HOMESpecial TopicsJTUC-RENGO Vision for Social Security in the 21st CenturyFor the Designing of Institutional Reforms

JTUC-RENGO Vision for Social Security in the 21st Century

For the Designing of Institutional Reforms

Necessary Conditions for the Designing of Institutional Reforms

(1) Setting 2025 as the target date for reforms

The “Vision for Social Security” sets its time frame through 2025. This is because beyond 2025, we cannot make reliable predictions of population composition and the labor force participation rate. The aging of the Japanese population is expected to continue beyond 2025, but the design of society a half century into the future needs to be discussed under the theme of comprehensive social reform, rather than as estimates or projections.

(2) Population change and social security

It does not make sense to separately compare the burdens shouldered among generations. Succeeding generations may shoulder a lighter burden (provision for and sending of money to their parents) than precedent generations, and receive greater benefits (related to education, housing, social infrastructure, living standards, etc.) The contents of the burden shouldered varies from generation to generation, and the role of social security is to implement mutual assistance through understanding and collaboration among generations and within generations. Further, productivity increases, technological innovation, and increases in the employment rate for women and the aged are important elements for stabilizing the basis of social security. In addition, the foundation for “the energy of an aged society” is to build a system that is able to fairly evaluate the contributions of women and the aged, and in this context we need to develop conditions that ensure them affordable wages and equal treatment. Moreover, it is unlikely that goods and services offered in the area of welfare and social security will be rationally distributed through market principles alone, so that there is a need for the public function of properly providing and distributing these goods and services. Even if the provider of the goods and services is a private enterprise, the provision and distribution of these “social common goods” must fulfill social standards.

(3) Financial methods for funding social security (tax fund method and social insurance method)

In funding social security, a choice must be made between the “tax fund method” and “social insurance method” depending on the characteristics of each. Also, if tax money is used, a decision has to be made whether to choose a direct tax approach or indirect tax approach. Our proposal to use a tax fund method is the result of our review of appropriate methods for the characteristics of individual schemes – pension, medical care, nursing care and welfare – rather than an a priori preference for this method over the “social insurance method.”

(4) Relations between benefits in kind and cash benefits on social security and the setting of benefit levels

The problems regarding the relations between benefits in kind and cash benefits on social security and the setting of benefit levels can be described below, in order to ensure the consistency of the social security system as a whole.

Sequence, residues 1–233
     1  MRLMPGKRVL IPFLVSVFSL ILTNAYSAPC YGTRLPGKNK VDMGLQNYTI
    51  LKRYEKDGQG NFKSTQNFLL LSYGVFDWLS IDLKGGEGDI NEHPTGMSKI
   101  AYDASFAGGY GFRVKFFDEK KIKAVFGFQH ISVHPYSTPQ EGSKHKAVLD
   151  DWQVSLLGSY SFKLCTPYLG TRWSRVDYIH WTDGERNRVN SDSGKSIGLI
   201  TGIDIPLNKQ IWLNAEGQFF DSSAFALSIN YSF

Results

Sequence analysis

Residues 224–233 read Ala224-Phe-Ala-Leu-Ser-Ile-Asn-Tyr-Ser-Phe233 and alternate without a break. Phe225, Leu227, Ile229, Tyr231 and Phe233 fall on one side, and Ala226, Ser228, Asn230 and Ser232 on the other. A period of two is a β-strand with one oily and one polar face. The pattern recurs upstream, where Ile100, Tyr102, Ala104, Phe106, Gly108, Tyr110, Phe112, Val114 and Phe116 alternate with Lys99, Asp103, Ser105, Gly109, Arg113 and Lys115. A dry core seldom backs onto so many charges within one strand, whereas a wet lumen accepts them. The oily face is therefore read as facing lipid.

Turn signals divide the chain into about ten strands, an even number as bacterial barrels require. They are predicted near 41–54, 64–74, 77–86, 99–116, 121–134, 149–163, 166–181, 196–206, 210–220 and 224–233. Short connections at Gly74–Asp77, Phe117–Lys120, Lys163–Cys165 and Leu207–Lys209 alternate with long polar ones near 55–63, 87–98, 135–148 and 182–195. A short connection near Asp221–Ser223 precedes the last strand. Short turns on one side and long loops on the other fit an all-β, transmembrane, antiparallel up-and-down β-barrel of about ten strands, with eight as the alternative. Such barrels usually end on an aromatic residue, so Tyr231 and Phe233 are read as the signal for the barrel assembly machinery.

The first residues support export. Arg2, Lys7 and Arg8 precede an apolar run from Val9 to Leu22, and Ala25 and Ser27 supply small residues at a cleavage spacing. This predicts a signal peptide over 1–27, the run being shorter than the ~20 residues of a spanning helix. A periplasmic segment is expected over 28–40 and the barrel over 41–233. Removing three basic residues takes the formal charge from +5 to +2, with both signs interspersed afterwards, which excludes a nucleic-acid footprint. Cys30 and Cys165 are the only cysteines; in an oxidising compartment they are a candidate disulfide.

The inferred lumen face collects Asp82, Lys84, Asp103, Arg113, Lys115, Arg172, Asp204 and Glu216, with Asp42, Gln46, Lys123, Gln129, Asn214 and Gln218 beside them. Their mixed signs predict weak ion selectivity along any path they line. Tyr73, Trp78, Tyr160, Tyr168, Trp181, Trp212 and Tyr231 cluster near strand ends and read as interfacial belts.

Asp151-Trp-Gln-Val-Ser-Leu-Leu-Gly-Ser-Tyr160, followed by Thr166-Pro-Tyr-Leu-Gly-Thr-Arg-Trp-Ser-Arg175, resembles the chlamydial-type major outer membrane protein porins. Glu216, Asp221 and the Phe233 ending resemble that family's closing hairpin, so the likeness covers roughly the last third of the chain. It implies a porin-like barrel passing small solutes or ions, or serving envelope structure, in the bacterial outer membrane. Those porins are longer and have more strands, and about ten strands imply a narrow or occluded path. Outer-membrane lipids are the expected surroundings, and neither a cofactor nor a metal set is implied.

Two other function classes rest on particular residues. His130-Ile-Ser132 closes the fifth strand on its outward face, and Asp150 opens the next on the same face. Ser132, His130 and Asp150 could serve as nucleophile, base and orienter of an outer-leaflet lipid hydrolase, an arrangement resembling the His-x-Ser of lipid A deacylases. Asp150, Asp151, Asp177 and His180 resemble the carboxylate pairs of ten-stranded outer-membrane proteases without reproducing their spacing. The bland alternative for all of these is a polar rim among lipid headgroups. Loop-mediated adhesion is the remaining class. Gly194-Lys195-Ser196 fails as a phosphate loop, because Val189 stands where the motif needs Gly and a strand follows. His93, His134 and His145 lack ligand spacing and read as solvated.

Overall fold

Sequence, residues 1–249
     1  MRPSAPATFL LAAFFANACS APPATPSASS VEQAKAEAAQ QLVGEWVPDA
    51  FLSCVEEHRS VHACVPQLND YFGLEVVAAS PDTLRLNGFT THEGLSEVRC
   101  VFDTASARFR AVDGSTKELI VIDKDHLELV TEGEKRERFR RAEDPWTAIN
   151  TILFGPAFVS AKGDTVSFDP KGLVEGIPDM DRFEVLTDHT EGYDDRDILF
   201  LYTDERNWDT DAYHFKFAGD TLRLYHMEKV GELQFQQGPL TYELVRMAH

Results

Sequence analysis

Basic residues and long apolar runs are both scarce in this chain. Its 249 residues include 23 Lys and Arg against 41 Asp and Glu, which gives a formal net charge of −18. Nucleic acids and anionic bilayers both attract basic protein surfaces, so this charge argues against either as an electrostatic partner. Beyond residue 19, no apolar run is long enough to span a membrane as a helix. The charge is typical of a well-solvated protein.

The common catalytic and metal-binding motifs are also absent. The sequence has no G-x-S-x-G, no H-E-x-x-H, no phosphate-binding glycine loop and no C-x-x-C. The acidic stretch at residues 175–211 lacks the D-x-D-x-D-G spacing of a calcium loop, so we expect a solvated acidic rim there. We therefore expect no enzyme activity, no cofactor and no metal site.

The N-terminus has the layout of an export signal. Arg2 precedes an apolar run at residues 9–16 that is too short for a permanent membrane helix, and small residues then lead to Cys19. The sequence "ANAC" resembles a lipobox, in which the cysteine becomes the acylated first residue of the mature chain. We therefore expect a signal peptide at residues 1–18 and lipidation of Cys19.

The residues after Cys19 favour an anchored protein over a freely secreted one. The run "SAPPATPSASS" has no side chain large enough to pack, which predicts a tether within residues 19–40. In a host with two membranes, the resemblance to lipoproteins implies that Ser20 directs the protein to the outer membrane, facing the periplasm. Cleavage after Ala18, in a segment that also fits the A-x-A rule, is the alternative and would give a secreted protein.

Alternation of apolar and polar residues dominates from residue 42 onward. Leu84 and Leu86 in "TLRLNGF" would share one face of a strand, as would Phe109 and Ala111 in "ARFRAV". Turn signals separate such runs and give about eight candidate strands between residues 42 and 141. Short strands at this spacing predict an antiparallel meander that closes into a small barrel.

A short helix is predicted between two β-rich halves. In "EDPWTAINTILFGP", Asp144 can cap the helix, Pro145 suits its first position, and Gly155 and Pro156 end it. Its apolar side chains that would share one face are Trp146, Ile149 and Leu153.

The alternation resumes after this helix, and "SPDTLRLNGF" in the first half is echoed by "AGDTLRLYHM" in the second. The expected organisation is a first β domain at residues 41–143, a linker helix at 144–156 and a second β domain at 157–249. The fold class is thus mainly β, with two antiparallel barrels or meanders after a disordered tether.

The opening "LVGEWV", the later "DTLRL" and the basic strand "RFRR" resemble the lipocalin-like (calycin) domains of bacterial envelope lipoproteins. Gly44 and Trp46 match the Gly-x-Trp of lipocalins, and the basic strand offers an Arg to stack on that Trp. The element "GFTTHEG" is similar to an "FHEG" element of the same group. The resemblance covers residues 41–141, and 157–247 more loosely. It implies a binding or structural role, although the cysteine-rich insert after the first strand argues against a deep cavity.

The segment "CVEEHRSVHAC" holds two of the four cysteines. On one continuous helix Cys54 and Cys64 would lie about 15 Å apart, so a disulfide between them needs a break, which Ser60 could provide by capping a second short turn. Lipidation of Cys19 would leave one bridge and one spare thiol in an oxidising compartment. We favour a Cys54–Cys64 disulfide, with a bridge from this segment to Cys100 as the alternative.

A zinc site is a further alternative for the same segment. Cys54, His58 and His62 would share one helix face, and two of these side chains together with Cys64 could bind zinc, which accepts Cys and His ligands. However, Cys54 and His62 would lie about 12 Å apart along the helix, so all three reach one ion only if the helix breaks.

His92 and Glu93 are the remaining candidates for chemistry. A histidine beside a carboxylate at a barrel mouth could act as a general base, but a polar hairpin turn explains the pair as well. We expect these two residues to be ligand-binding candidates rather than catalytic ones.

In order to ensure that the administration of social security schemes is based on “participation and the sharing of responsibility” by citizens and users, and on the recipients’ “right to choose” the services required, medical services and nursing care coverage, which are benefits (service) in kind, should in principle be funded by the social insurance method. Also, in order to improve the efficiency of these schemes through a “sense of participation” in their administration by the insured and users, the insured should be asked to bear earning-related insurance premiums, and users should contribute a certain amount of the service charge.
In order to make it possible for the aged and the disabled bear insurance premiums for medical care and nursing care insurance plans as well as a certain amount of the service charge, they must be ensured of stable incomes, requiring the retention of the current level of pension benefits (some 60% of annual income earned by workers in active service) and the strengthening of income guarantees for the disabled.

(5) Major challenges related to the foundation of social security Full applicability of social insurance

As current social insurance plans are unable cope with diverse working forms, including part-time and temporary workers, an increasing number of people have failed to enroll, and a hollowing out of social insurance is taking place. The application of social insurance to all working people is essential for strengthening the basis of social insurance schemes.

“Family unit” and “individual unit”

Changes in the employment structure and family patterns are taking place behind the scenes, and there is a need to move the basis of social security away from the “family” and toward the “individual.” On the other hand, a simple changeover to the “individual” implies a danger of increasing imbalances in benefit levels, including a lowering of pension benefits for single aged women. From the perspective of securing the necessary benefits for people in need, it is necessary to conceive specific design of the desirable schemes.

Social security and full employment

The foundation of the sustainability of social security is the vigor of economy, which is shouldered by people. It is precisely a society that is able to secure employment opportunity for all people, including the aged and women, that ensures the sustainability of social security schemes.